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Photoshop Smart Object Tips & Techniques GUIDELINES FOR ADOBE STOCK CONTRIBUTORS

The Smart Object is one of Photoshop’s most useful tools for design development, particularly for creators working collaboratively. This tutorial will help outline the basics of Smart Objects, how to create them, and best practices for using them in your work. A properly made Smart Object is a necessity for Photoshop templates to allow users to replace an image or design.

On this page:

General: What Are Smart Objects? | What Can You Do with Smart Objects?

Instructions: How to Make an Embedded Smart Object | Mockup Walkthrough & Best Practices

Final Touches: Smart Object Quality Checklist

General

What Are Smart Objects?

Smart Objects protect the content of an image or design, which allows you to alter the design in the working file without affecting the original content; this is also known as non-destructive editing.

In templates, Smart Objects are used frequently in the construction of mockups in order to make replacing images, designs, and text easy. In collaborative work, Smart Objects are often used to replace images within a design, while protecting the details of how the images interacts with other elements within the file.

What Can You Do with Smart Objects?

  • Transform images and designs without affecting the quality of the original image/design content. You can scale, rotate, skew, distort, perspective transform, or warp a layer. without losing original image data. No more transformations that result in pixelization!
  • Apply filters without affecting the original image or design. You can edit filters applied to Smart Objects at any time without losing the quality of your content.
  • Apply a layer mask to a Smart Object layer. (Read our post about masks here.)
  • Perfect the layout and treatment of various designs with trial or placeholder images that you can later replace with final images.
  • Edit one Smart Object and automatically update all its linked copies.

Instructions

How to Make an Embedded Smart Object

There are several different ways to make an embedded Smart Object within Photoshop. Smart Objects can be created from scratch, from layers within the file, or from external images and designs.

  • To import new files, such as photos, as Smart Objects: Choose File > Place Embedded
  • To start a file with a Smart Object: Choose File > Open As Smart Object, then select a file within your browser window, and click Open.
  • To convert a selected layer into a Smart Object: Choose Layer > Smart Object > Convert to Smart Object
  • To bundle multiple layers into one Smart Object: Select all desired layers and choose Layer > Smart Objects > Convert To Smart Object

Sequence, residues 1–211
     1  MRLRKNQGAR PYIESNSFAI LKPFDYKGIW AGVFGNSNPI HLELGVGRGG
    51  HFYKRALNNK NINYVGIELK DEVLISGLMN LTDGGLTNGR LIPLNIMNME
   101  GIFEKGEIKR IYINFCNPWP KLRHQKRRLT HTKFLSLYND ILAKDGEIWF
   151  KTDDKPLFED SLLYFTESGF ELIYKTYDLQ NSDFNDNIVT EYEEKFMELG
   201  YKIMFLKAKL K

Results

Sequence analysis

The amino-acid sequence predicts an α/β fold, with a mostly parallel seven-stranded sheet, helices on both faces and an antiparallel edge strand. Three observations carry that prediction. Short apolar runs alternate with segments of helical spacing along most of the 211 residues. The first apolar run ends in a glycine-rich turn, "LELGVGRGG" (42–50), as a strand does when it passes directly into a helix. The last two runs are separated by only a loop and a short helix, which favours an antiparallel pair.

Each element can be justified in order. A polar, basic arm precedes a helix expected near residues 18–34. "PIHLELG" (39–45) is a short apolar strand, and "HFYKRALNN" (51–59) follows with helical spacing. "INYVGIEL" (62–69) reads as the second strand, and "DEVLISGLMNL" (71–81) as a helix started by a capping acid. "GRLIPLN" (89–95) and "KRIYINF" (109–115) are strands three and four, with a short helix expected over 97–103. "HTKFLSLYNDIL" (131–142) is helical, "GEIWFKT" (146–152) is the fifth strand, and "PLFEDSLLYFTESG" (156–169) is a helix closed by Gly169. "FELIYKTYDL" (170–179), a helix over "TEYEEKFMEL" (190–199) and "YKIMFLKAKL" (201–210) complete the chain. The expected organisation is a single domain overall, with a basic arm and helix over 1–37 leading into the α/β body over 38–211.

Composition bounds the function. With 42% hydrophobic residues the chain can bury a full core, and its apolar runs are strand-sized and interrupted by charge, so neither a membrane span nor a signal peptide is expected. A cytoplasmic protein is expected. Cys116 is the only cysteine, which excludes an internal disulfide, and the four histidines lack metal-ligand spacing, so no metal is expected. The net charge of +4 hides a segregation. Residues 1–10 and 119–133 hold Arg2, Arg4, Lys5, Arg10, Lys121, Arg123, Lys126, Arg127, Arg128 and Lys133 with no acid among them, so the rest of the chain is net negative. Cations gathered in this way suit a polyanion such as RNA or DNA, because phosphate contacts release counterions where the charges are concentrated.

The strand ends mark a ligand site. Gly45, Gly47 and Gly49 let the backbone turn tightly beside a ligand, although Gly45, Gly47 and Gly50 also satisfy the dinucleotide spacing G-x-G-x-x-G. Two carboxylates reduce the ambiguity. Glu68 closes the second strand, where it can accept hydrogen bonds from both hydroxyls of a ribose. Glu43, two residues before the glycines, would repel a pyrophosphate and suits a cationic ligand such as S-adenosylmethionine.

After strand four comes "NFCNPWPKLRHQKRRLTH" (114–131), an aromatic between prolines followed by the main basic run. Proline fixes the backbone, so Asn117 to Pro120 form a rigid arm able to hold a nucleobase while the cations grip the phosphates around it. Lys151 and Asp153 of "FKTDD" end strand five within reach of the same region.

• Although it is possible to create “nested” Smart Objects, or place a Smart Object within another Smart Object, we recommend against this practice. Especially if multiple designers are working on a file, nesting smart objects becomes confusing and could result in broken links within the file.

Mockup Walkthrough & Best Practices

To create a basic mockup using Smart Objects, first you need an image that will serve as your backdrop, preferably with an element you’d like to replace (i.e. a billboard, business card, or a phone screen).

1. Use the selection tool to highlight the part of the image you’d like to replace. Try to make the layer match the shape you’re replacing as closely as possible. Right click on that selection and choose New Layer Via Copy (or select Layer > New > Layer Via Copy).

2. Turn the new layer into a Smart Object (Choose Layer > Smart Object > Convert to Smart Object).

  • Make sure the layer is in .psb format and is embedded within the file—not an externally saved .jpg.

3. In the working .psd file, apply all necessary transformations to achieve proper angle and appearance. The intention is for the smart object to look natural in the scene.

4. Create a Clipping Mask on the Smart Object layer in the .psd file to clean up the edges of your shape.

5. To test the efficacy of your work, try replacing the image or design in the Smart Object file. If it updates in the .psd file without warping or distorting, it’ll work for anyone else who uses that file!

Final Touches

Smart Object Quality Checklist

Finally, it’s best practice to quality check projects before finalizing and submitting your work. By double-checking your files, you can ensure that your design can easily be used and updated by others. Here are some of the quality checks we recommend:

  • Make sure the Smart Object is in .psb format, and not an embedded .jpg, .tif, or .png file; otherwise, other creators won’t be able to use your design.
  • Try replacing the image or design within Smart Object. Does the file update with the new content? Does it look natural? Great!

Good example of a Smart Object:

Poor examples of a Smart Object:

  • If the Smart Object layer is excessively transformed, or if the shape of the open Smart Object .psb doesn’t match the shape of the Smart Object layer in the working file, the image or design will be visibly distorted.
  • If there isn’t a mask, or if the mask is ill-fitting, visual elements from the Smart Object will extend beyond the intended working space (in this example, a laptop screen).

Used correctly, Smart Objects not only add to the versatility of a working Photoshop file, but also allow for creators to fine-tune the details of a design while protecting a selection of the content.

For more information about Smart Objects, please refer to Working with Smart Objects in Photoshop.

Last Published: July 27, 2020